Any employer with at least one employee and $500,000 in annual revenue must notify all employeess by letter about the Affordable Care Act's health-care exchanges. Failure to comply may result in fines up to $1,000 per day. Click on the links below for important information about this requirement for employers.
- Technical Release at the Department of Labor
- Model notice to employees from employers who offer health insurance
- Model notice to employees from employer who do not offer health insurance
About the Affordable Care Act
Originally scheduled for Jan. 1, 2014, the Employer Shared Responsibility provisions of the Affordable Care Act will now go into effect on Jan. 1, 2015. The White House announced the one-year postponement on July 2, 2013. Your HBA fought for this delay to give businesses more time to adjust to the new rules. In a letter to the Treasury Department, NAHB said "the employer community needs additional time to properly analyze their workforce and negotiate their plan designs. This is especially true for the small business community, which often lacks access to the human resources staff and technology available to larger businesses." The delay will provide employers additional time to plan and to adapt their employee health coverage policies to meet the still-to-be determined requirements of the law. The final rules regarding implementation have yet to be published, and it may be six months or more before the new rules are promulgated by the U.S. Treasury Department and the Internal Revenue Service (IRS).
Frequently Asked Questions:
Which employers are subject to the shared responsibility provisions?
All employers who employ at least 50 full-time employees, or who employ an equivalent combination amounting to 50 full-time positions of full- and part-time employees, are subject to the shared responsibility provisions.
A full-time employee position is defined as 30 hours per week. Employers with less than 50 full-time employees are not subject to the shared responsibility provisions.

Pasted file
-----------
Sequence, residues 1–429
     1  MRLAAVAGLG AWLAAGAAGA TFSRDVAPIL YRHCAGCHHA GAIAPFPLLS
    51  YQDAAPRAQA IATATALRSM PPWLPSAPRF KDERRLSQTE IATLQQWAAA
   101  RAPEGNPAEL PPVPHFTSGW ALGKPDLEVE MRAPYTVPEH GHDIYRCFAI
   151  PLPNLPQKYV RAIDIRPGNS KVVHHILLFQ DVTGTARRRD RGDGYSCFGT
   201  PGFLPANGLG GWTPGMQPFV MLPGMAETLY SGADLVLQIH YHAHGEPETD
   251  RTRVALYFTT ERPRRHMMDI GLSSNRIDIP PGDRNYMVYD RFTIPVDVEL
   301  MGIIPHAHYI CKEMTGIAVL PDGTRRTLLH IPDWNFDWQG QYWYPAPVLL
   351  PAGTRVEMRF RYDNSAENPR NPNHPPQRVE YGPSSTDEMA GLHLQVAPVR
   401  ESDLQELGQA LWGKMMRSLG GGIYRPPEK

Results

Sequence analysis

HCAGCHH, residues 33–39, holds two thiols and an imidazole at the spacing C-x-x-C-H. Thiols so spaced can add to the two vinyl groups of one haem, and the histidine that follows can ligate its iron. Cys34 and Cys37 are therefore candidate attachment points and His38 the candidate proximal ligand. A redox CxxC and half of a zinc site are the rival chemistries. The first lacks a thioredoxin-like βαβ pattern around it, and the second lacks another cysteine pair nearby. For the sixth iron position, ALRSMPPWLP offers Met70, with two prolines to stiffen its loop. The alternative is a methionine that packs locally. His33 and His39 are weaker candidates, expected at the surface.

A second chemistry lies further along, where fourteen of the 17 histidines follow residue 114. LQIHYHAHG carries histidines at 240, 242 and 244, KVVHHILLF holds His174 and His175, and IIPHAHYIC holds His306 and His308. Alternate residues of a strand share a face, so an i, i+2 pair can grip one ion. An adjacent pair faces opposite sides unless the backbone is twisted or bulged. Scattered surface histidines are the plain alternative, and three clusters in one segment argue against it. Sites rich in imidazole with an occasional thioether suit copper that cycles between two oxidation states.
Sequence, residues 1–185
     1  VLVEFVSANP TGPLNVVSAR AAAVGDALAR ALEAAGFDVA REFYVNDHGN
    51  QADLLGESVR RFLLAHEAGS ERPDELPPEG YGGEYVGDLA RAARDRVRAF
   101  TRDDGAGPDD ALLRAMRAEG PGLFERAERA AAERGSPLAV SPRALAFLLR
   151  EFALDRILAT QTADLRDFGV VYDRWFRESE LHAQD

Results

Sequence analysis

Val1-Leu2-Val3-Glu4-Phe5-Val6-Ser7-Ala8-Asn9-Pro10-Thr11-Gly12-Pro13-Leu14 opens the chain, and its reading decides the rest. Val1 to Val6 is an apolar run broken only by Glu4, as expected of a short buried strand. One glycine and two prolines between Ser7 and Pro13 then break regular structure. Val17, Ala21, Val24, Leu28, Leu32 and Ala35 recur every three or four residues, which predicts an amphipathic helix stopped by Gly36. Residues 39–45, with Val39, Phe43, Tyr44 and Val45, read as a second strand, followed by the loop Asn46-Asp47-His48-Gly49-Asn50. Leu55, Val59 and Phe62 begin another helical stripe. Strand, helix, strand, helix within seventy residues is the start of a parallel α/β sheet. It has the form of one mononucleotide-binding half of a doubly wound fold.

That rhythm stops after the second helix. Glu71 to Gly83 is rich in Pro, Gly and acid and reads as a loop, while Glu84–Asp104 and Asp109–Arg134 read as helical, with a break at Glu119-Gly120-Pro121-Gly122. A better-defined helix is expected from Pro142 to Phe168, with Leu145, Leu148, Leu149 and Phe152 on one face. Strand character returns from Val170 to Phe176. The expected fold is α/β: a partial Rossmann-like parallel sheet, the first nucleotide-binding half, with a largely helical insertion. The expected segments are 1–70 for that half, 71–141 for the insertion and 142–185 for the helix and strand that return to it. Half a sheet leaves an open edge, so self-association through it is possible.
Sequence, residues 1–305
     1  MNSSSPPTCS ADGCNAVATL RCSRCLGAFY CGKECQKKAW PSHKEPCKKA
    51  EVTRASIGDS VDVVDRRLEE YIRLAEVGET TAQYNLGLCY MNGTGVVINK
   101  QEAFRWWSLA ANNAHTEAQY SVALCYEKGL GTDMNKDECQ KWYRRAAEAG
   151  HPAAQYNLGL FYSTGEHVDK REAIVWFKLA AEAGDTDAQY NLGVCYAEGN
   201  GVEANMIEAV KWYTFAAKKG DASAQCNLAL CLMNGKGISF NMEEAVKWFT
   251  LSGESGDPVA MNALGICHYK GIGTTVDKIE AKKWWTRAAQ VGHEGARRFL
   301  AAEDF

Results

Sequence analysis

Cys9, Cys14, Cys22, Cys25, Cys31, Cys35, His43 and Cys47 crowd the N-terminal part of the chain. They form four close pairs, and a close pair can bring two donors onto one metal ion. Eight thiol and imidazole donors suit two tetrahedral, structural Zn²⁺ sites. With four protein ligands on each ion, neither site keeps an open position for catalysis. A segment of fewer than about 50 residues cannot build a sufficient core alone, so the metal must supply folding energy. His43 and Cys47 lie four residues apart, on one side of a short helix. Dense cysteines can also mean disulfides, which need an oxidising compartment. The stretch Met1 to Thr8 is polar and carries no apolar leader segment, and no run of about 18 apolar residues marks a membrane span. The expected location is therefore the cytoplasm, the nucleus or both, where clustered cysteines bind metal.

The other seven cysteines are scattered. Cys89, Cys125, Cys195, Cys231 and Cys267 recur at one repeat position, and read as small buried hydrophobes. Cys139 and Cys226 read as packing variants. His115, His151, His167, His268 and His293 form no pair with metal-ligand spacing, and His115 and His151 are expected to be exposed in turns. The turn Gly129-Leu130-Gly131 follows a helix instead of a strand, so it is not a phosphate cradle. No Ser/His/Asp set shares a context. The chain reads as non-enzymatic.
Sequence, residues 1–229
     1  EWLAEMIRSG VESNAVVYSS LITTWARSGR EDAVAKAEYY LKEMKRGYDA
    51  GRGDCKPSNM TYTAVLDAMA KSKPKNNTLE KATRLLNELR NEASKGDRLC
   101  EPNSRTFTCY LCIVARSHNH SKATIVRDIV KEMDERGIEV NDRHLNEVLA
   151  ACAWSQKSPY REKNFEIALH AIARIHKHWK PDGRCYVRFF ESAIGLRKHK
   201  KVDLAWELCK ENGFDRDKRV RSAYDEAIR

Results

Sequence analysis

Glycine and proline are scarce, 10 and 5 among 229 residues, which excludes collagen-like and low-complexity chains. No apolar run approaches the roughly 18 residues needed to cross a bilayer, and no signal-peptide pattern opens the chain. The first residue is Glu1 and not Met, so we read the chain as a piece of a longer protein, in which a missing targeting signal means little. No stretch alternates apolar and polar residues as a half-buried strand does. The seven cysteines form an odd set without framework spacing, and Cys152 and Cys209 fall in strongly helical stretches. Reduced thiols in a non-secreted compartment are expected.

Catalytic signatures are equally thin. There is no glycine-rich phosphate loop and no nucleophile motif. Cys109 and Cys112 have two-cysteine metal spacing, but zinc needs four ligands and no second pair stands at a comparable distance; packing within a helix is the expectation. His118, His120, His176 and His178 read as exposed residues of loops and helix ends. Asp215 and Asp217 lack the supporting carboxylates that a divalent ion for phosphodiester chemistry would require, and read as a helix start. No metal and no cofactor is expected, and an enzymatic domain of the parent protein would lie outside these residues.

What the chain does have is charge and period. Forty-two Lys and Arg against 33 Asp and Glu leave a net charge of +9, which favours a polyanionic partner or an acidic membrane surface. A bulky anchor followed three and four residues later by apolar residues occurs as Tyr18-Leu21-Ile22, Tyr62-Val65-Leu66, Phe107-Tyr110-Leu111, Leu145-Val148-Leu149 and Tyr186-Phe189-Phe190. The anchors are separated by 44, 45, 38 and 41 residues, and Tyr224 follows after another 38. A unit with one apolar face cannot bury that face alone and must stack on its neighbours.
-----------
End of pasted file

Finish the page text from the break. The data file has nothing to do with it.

Will subcontractors be counted as employees?
No. Independent contractors are not employees, and are not to be considered in the determination of the 50 full-time employee threshold.
Are employers required to offer their employees health insurance?
No, but large employers (50 employees or more) who do not offer health insurance coverage to their full-time employees will likely be subject to the shared responsibility penalty. To avoid the penalty, these employers must offer health insurance coverage to substantially all full-time employees (95% or more), but not part-time employees.
What is an Employer Shared Responsibility penalty?
It is a non-deductible excise tax that will be imposed after Jan. 1, 2015 on employers who do not offer affordable health care insurance with minimum coverage levels to full-time employees, and when at least one of their full-time employees receives a tax credit for purchasing coverage through an Affordable Insurance Exchange.
If one of my full-time employees declines my offered health insurance, and purchases coverage through an Affordable Insurance Exchange, will I be subject to the employer shared responsibility tax?
No. As long as you offer qualifying affordable health insurance, you will not be subject to the tax penalty.
What is the amount of the tax for employers who do not offer health insurance?
The tax payment (or penalty) is $2,000 for each full-time employee, minus 30 employees. An example: the calculation for 50 full-time employees would be 50-30 = 20 x $2,000 = a penalty of $40,000).
What qualifies as an affordable health care plan with minimum coverage levels?
Under safe harbor provisions, offered health insurance coverage is affordable if the cost to the employee does not exceed 9.5% of the yearly wages paid to the employee by the employer. The minimum coverage level is met by offering a group health plan or group health insurance coverage that is either:
- A governmental plan
- Any other plan or coverage offered in the small or large group market within a state
- A grandfathered plan offered in the group market
A plan fails to provide "minimum value" if it pays for less than 60% of covered health care expenses. A minimum value calculator will be made available by both the IRS and the Department of Health and Human Services to assist employers in their calculations.
Is the health insurance plan that I currently offer to my full-time employees sufficient to avoid payment of the employer shared responsibility tax?
Most health insurance plans that existed on March 23, 2010 are eligible for grandfathered status, provided that the plan is not subsequently changed to:
- Significantly reduce benefits or coverage
- Raise co-insurance charges
- Significantly raise co-payment charges
- Significantly raise deductibles
- Significantly increase the employee’s share of the premium
- Decrease annual payment limits, or impose new limits
The IRS Question and Answer page will be an excellent resource once it has been updated. NAHB will monitor the progress of the proposed regulations, and will add information to this FAQ when it becomes available concerning the implementation of the Affordable Care Act components. We will also post a more definitive FAQ when the final regulations are published.
View the NAHB-submitted comments on the act, and the additional comments made by NAHB as a member of the Coalition to Promote Independent Entrepreneurs.